Polishing composition for semiconductor wafers

Abstract

An aqueous composition is useful for polishing semiconductor wafers. The composition comprises a nonionic surfactant that suppresses removal rate of silicon carbide-nitride and has a hydrophilic group and a hydrophobic group. The hydrophobic group has a carbon chain length of greater than three. And the nonionic surfactant suppresses silicon carbide-nitride removal rate at least 100 angstroms per minute greater than its decrease in silicon nitride removal rate as measured with a microporous polyurethane polishing pad pressure measured normal to a wafer of 13.8 kPa.

Claims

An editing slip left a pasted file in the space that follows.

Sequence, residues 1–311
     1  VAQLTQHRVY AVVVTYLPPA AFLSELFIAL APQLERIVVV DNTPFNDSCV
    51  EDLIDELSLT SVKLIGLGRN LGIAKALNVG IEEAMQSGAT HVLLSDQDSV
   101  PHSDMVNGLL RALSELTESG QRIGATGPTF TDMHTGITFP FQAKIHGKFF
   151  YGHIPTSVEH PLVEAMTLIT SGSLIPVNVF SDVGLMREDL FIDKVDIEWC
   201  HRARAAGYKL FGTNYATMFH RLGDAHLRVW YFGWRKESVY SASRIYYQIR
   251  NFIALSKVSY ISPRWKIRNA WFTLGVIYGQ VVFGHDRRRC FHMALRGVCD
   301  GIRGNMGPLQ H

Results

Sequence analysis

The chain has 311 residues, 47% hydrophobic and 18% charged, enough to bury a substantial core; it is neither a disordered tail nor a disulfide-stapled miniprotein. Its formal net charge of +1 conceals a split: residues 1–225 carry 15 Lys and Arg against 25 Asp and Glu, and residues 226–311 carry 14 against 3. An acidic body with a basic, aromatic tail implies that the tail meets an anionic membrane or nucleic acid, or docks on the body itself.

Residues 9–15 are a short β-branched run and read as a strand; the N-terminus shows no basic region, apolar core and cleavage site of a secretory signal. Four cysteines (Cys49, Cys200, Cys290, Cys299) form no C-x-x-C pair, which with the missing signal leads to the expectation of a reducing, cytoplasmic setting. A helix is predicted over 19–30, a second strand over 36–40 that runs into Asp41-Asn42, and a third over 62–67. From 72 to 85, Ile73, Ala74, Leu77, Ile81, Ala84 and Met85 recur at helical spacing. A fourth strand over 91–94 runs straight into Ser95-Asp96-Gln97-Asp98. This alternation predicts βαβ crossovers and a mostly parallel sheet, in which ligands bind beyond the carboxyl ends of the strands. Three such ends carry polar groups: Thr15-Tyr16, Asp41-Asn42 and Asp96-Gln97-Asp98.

1 . An aqueous composition useful for polishing semiconductor wafers, comprising a nonionic surfactant that suppresses removal rate of silicon carbide-nitride, the nonionic surfactant having a hydrophilic group and a hydrophobic group, the hydrophobic group having a carbon chain length of greater than three and the nonionic surfactant suppresses silicon carbide-nitride removal rate at least 100 angstroms per minute greater than its decrease in silicon nitride removal rate as measured with a microporous polyurethane polishing pad pressure measured normal to a wafer of 13.8 kPa. 2 . The composition of claim 1 wherein the nonionic surfactant is selected from the group comprising alkanoamide, alkyl polyethylene oxide, alkylphenol polyethylene oxide, polyoxyethylenated alkyl amine oxide, polyoxyethylcnated polyoxypropylene glycols, alkyl polyglucoside, alkyl carboxylic acid esters, polyoxyethylenated mercaptans, alkyl diglyceride, polyoxyethylenated alkanolamine, polyalkoxylated amides, tertiary acetylenic glycols and a mixture thereof. 3 . An aqueous composition useful for polishing semiconductor wafers, comprising by weight percent, 0 to 30 abrasive, 0 to 15 inhibitor for a nonferrous metal, 0 to 25 oxidizer, 0 to 10 tantalum removal agent selected from the group comprising formamidine, formamidine salts, formamidine derivatives, guanidine derivatives, guanidine salts and mixtures thereof and 0.001 to 5 nonionic surfactant that suppresses removal rate of silicon carbide-nitride and has a hydrophilic group and a hydrophobic group, the hydrophobic group having a carbon chain length of greater than three and the nonionic surfactant suppresses silicon carbide-nitride removal rate at least 100 angstroms per minute greater than its decrease in silicon nitride removal rate as measured with a microporous polyurethane polishing pad pressure measured normal to a wafer of 13.8 kPa and the nonionic surfactant is selected from the group comprising alkanoamide, alkyl polyethylene oxide, alkylphenol polyethylene oxide, polyoxyethylenated alkyl amine oxide, polyoxyethlylenated polyoxypropylene glycols, alkyl polyglucoside, alkyl carboxylic acid esters, polyoxyethylenated mercaptans, alkyl diglyceride, polyoxyethylenated alklanolamine, polyalkoxylated amides, tertiary acetylenic glycols and a mixture thereof. 4 . The composition of claim 3 wherein the nonionic surfactant is selected from the group comprising alkanoamide, alkyl polyethylene oxide, alkylphenol polyethylene oxide and a mixture thereof. 5 . The composition of claim 3 wherein the nonionic surfactant is an alkanoamide and the alkanoamide is an acylation product of alkanolamines from the group comprising monoalkanolamine (MAA), dialkanolamine (DAA), trialkanolamine and a mixture thereof. 6 . The composition of claim 5 wherein the alkanolamine is selected from the group comprising diethanolamine, monoethanolamine, triethanolamine, diisopropanolamine, monoisopropanolamine, ethanoisopropanolamine and a mixture thereof; and the hydrophobic group has a carbon chain length of at least six carbon atoms. 7 . The composition of claim 3 wherein the tantalum removal agent is selected from the group comprising guanidine hydrochloride, guanidine sulfate, amino-guanidine hydrochloride, guanidine acetic acid, guanidine carbonate, guanidine nitrate, formamidine, formamidinesulfinic acid and a mixture thereof, and the tantalum removal agent is 0.2 to 6 weight percent. 8 . A polishing method for removing at least one coating layer from a semiconductor substrate comprising: contacting the semiconductor substrate with a polishing composition, the semiconductor substrate having a silicon carbide-nitride below the at least one coating layer, the polishing composition containing a nonionic surfactant to suppress removal of the silicon carbide-nitride and the nonionic surfactant having a hydrophilic group and a hydrophobic group, the hydrophobic group having a carbon chain length of greater than three; polishing the semiconductor substrate with a polishing pad to remove the at least one coating layer at a removal rate greater than a removal rate for the silicon carbide-nitride layer as expressed in angstroms per minute; and stopping the polishing before removing all of the silicon carbide-nitride layer. 9 . The method of claim 8 wherein the at least one coating layer includes a silicon nitride layer and the polishing removes the silicon nitride layer. 10 . The method of claim 9 wherein the at least one coating layer includes a tantalum-containing layer and the polishing composition comprises by weight percent, 0 to 30 abrasive, 0 to 15 inhibitor for a nonferrous metal, 0 to 25 oxidizer, 0 to 10 tantalum removal agent selected from the group comprising formamidine, formamidine salts, formamidine derivatives, guanidine derivatives, guanidine salts and a mixture thereof and 0.001 to 5 nonionic surfactant for suppressing removal rate of silicon carbide-nitride and the nonionic surfactant suppresses silicon carbide-nitride removal rate at least 100 angstroms per minute greater than its decrease in silicon nitride removal rate as measured with a microporous polyurethane polishing pad pressure measured normal to a wafer of 13.8 kPa and the polishing removes the tantalum-containing layer.